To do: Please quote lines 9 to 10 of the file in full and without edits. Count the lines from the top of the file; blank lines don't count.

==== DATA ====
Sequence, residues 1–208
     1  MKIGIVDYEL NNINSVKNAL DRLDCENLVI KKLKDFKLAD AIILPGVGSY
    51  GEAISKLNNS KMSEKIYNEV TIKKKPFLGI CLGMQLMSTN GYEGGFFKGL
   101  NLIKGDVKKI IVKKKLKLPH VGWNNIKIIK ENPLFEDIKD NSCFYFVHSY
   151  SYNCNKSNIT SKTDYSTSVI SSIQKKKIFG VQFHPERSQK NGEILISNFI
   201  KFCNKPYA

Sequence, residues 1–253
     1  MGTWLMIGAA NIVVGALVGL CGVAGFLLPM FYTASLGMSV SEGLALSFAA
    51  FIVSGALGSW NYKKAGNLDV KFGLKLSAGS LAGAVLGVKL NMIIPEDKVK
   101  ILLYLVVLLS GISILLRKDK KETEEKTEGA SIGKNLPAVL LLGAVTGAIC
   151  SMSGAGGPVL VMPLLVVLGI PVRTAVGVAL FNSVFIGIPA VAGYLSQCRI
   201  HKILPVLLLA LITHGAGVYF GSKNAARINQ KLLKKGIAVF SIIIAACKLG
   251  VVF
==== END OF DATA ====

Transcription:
    51  FIVSGALGSW NYKKAGNLDV KFGLKLSAGS LAGAVLGVKL NMIIPEDKVK
   101  ILLYLVVLLS GISILLRKDK KETEEKTEGA SIGKNLPAVL LLGAVTGAIC